October 13th, 2012
10:00 PM ET

Shining light on Emory school's past anti-Semitism prompts healing – and, for one man, questions

By Jessica Ravitz, CNN

Atlanta (CNN) – Sixteen years after Susan Shulman Tessel lost her father, she sat on a Southern college campus Wednesday night and couldn't stop thinking about him. Surrounded by hundreds in a packed ballroom, she cried because he was missing. He should have been there with her and her mother. He deserved to be.

The late Irving Shulman was the only Jewish man to enter Emory University’s School of Dentistry in 1948. That was the same year someone else came to the school: the newly appointed dean, John E. Buhler.

After one academic year, Shulman flunked out. Buhler stayed on for 13 years, leading what some Jewish students would refer to as a “reign of terror.” Between 1948 and 1961, when Buhler left, 65% of Jewish students either failed out or were forced to repeat up to two years of coursework in the four-year program.

Those who lasted often paid. There were insults from professors such as “dirty Jew,” accusations by faculty of cheating and questions from the dean like, “Why do you Jews want to be dentists? You don't have it in your hands.”

Tessel's dad earned the distinction of being the first who failed.

Irving Shulman's widow, Irma Shulman-Weiner, and daughter Susan Shulman Tessel came to Emory last week because he couldn't.

His daughter, who lives in New York, heard him tell stories about the constant reminders of how awful he was. His molds of teeth  which he was so proud of  would either get crushed by hands or grades. Convinced he wasn't being treated fairly, a non-Jewish classmate agreed to turn in one of Shulman's molds under his name. Shulman's handiwork earned that student an A-minus.

“At least he knew he didn't make it up,” Tessel said.

Her late father gave up his dentistry dream and moved on to pharmacy school. But, she said, being at Emory last week would have helped him make sense of what had transpired. That's when 19 former Jewish dental students who had experienced that era came together and finally received the apology and recognition they had never thought possible.

“He didn't have the benefit of knowing he wasn't alone."

'A fraternity of silence'

Three years after Shulman was dubbed a failure at the end of his first academic year, Perry Brickman got his surprise letter from the dean telling him the same. Unlike Shulman, though, he had never been told he wasn't doing well.

Stunned. Embarrassed. Brickman was both. But he wasn't beaten down enough to give up on dentistry and was accepted to the dental school at the University of Tennessee, where he graduated fourth in his class. He would go on to have a 43-year career as a respected oral surgeon in Atlanta. He knew he was no failure. He also knew he wasn't alone. He was one of four Jewish men who entered the school in 1951; two years later they were all gone.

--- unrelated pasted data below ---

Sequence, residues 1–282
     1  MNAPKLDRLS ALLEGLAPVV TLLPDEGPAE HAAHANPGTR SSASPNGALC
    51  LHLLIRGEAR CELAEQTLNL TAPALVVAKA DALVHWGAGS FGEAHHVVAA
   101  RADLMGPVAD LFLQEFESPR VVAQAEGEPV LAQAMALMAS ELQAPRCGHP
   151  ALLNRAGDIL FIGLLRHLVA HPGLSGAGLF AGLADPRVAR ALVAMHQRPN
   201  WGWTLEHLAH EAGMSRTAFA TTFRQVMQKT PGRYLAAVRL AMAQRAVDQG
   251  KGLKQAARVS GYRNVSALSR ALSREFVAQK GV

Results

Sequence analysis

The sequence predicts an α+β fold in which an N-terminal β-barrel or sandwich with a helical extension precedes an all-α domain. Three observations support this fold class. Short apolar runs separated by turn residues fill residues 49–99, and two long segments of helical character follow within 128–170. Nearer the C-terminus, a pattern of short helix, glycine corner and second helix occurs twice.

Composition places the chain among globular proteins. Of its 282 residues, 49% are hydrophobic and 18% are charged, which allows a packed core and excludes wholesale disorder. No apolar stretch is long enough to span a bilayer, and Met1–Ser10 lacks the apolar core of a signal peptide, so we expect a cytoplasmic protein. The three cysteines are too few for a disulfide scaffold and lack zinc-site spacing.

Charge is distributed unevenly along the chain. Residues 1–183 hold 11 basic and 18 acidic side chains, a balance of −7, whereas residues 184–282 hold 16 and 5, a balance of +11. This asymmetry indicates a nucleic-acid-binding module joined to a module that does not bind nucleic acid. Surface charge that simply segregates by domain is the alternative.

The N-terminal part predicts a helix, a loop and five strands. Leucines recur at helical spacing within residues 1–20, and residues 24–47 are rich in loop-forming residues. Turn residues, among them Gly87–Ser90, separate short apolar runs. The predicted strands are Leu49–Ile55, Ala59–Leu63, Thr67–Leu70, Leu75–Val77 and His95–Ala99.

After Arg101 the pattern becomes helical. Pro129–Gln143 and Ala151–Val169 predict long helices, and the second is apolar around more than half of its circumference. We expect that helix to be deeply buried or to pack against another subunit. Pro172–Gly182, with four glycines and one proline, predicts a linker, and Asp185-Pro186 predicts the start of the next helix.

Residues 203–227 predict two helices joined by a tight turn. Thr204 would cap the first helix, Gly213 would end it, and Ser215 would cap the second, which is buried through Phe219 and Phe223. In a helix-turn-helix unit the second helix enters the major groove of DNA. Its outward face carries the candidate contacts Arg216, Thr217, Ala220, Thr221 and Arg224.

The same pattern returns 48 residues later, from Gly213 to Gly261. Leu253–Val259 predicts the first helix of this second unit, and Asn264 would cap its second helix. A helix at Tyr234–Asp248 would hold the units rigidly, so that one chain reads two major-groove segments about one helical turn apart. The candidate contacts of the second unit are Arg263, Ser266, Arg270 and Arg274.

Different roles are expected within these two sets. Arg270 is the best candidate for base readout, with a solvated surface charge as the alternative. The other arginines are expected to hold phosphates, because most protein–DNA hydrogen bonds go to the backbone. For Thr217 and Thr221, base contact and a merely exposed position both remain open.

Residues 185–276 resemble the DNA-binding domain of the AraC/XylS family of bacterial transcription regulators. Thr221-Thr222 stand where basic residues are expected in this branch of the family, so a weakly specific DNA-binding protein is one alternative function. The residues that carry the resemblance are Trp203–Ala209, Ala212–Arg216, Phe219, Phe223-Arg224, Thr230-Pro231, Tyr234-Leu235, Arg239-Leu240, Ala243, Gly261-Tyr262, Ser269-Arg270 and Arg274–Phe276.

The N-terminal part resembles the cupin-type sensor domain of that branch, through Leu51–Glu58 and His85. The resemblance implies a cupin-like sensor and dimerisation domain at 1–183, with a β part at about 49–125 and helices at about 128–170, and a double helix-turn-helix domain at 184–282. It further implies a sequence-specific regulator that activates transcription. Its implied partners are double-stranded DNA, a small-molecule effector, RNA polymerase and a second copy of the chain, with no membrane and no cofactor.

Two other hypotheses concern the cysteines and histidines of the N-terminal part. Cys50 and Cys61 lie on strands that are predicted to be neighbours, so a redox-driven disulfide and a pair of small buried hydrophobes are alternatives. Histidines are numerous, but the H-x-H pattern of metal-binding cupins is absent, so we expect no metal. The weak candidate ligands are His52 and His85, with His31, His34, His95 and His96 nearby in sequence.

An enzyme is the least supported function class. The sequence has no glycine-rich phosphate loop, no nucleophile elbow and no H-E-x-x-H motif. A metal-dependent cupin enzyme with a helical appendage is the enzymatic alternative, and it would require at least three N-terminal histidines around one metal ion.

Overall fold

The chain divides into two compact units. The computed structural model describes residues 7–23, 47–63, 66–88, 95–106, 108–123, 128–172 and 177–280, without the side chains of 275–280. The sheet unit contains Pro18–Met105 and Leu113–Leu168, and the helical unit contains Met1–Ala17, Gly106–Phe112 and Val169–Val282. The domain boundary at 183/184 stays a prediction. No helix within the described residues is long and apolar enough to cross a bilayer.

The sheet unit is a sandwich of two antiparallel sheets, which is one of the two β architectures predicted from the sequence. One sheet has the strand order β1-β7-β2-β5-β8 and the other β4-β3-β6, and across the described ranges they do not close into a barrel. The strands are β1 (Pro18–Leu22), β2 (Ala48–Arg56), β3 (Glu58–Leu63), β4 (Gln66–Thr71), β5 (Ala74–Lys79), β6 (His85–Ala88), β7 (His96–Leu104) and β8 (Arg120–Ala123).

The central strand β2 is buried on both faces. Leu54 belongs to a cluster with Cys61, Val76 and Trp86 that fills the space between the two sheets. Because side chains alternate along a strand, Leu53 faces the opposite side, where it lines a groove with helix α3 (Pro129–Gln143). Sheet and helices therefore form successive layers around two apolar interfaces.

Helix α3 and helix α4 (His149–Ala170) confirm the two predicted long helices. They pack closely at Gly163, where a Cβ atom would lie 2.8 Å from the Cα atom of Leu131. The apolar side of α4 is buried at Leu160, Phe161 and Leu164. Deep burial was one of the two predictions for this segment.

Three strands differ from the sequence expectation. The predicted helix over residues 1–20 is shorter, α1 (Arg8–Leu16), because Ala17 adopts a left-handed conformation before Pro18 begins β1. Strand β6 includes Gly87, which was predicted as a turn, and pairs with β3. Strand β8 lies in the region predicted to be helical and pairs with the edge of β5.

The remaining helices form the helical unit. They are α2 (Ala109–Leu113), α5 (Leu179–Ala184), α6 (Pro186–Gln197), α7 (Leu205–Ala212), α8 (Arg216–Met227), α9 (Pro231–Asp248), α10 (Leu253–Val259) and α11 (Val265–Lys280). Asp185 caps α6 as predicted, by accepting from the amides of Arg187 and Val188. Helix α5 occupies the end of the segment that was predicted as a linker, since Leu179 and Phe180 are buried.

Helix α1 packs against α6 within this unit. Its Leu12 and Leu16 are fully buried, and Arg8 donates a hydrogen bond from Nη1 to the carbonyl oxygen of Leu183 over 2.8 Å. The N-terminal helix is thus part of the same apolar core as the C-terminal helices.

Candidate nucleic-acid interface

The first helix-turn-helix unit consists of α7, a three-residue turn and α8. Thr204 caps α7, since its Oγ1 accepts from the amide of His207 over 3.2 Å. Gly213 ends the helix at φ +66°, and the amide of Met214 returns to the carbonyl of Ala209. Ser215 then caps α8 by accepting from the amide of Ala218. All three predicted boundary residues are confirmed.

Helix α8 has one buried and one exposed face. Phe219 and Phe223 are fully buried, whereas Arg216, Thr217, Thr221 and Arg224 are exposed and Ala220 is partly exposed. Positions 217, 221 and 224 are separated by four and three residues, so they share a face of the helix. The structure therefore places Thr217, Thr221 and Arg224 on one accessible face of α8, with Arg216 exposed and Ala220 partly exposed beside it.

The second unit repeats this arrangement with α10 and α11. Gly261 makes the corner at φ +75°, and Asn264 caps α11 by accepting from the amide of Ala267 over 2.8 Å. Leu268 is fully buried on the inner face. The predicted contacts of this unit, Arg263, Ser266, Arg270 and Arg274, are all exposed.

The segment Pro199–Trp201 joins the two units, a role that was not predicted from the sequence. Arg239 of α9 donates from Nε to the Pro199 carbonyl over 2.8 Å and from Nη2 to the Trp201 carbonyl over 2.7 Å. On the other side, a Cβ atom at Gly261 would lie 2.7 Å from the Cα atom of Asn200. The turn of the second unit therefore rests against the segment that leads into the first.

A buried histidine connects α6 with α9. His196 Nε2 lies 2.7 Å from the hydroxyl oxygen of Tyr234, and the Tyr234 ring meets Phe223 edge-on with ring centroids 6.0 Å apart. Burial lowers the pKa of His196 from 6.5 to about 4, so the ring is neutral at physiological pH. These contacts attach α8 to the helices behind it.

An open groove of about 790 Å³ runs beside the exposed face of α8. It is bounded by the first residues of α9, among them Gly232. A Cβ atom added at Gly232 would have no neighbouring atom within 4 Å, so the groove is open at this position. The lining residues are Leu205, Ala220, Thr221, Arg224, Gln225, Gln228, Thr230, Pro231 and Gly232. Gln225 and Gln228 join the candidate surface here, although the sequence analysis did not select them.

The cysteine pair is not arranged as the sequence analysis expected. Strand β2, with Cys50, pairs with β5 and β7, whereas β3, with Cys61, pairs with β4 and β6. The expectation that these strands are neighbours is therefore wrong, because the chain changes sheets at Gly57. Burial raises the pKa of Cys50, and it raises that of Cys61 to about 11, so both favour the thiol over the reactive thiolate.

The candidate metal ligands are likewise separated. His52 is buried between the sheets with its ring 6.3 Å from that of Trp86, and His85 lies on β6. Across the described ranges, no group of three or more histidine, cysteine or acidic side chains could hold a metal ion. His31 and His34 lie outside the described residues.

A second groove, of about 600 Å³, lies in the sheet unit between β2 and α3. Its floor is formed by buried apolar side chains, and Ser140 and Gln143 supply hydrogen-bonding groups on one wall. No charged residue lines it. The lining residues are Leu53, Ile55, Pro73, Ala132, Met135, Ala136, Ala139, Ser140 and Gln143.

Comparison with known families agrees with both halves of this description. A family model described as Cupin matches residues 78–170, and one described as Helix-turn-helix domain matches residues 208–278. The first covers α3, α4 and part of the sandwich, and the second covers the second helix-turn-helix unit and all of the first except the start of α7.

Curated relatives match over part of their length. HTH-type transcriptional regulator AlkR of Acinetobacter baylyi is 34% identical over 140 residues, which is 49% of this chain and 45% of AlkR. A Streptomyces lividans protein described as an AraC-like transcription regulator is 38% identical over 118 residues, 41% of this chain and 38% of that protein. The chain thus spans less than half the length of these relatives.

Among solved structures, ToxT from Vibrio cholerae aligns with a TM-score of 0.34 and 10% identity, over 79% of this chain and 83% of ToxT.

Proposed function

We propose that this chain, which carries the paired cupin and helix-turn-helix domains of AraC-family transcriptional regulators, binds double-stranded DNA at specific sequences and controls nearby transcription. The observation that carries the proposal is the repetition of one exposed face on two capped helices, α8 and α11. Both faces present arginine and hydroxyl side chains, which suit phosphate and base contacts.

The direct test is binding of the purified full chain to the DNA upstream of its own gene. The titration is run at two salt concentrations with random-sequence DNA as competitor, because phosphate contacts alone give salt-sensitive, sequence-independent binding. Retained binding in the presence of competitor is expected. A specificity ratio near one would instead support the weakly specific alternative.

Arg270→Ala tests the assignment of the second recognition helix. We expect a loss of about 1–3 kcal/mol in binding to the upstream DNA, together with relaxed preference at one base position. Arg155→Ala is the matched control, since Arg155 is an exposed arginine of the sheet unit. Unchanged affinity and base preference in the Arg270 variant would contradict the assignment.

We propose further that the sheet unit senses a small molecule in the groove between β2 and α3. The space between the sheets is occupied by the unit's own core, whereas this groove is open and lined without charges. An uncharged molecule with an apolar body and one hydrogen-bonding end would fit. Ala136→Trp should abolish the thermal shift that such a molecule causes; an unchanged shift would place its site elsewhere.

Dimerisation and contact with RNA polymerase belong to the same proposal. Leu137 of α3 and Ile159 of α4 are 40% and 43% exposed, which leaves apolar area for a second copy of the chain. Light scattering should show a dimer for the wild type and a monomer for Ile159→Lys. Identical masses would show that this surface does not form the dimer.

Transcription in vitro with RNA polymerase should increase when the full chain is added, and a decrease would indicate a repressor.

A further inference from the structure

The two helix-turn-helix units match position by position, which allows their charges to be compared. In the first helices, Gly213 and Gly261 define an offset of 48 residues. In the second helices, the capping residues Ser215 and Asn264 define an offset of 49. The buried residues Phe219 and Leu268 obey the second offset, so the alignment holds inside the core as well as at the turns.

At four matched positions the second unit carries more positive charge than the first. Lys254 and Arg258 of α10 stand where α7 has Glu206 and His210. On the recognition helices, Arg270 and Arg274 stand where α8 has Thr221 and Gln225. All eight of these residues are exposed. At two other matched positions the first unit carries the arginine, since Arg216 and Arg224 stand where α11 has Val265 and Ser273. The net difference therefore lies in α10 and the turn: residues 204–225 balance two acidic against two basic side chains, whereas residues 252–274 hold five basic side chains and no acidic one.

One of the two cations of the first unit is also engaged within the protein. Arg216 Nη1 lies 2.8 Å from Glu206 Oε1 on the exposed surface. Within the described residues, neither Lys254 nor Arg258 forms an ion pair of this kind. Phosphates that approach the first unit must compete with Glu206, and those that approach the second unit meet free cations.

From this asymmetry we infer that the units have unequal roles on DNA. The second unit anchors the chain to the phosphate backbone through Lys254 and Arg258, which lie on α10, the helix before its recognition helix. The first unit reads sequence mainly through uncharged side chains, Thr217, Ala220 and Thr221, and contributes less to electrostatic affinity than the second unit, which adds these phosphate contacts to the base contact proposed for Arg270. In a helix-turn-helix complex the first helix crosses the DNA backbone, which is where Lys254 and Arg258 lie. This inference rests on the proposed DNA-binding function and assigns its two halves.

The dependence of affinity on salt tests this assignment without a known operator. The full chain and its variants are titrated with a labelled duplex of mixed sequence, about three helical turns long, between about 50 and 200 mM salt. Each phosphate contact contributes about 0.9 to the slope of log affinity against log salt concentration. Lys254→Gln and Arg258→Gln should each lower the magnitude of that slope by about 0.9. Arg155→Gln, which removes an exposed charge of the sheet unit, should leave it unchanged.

Brickman, 79, wasn't one to bring up the past. In 2000, he went to a reunion of his Jewish fraternity brothers from their Emory undergrad days. It turned out eight of the men in the room had been scarred by the same dental program, but it's not something they talked about. Brickman's wife, Shirley, would later start calling the former dental students “a fraternity of silence.”

It would be years before that would change.

In 2006, Emory University celebrated its 30th anniversary of Jewish studies. Eric Goldstein, a Jewish history professor, set up the exhibit to coincide with the event. He called it, “Jews of Emory: Faces of a Changing University.”

Most of the exhibit was a celebration of the campus’ Jewish life, Goldstein said, but a small section jumped out at Brickman.

He stared at statistics, a bar graph that illustrated what happened at the dental school between 1948 and 1961. The image had been featured in a chapter of “Some of My Best Friends...,” a book published by the Anti-Defamation League in the early 1960s. Like a skyscraper among short buildings, he said, the bar showing the numbers of Jews who failed out of the school or repeated coursework towered above all others. He couldn't believe what he was seeing.

The visual highlighted what Brickman always suspected about the dental school leadership and how that period was handled at Emory: “I wasn't a failure. They were a failure.”

He knew there were stories behind those numbers  not just of those who hadn't made it but also of those who did. Between the statistics and a conversation with a still-burdened classmate, Brickman set out on a path to find them all.

Making waves

A month before one man got his degree, he was forced to stand before the dean and assembled faculty for an hourlong dressing down. Later, one of the professors pulled the student aside and apologized, saying he had a wife and children to think about and had no choice but to play along.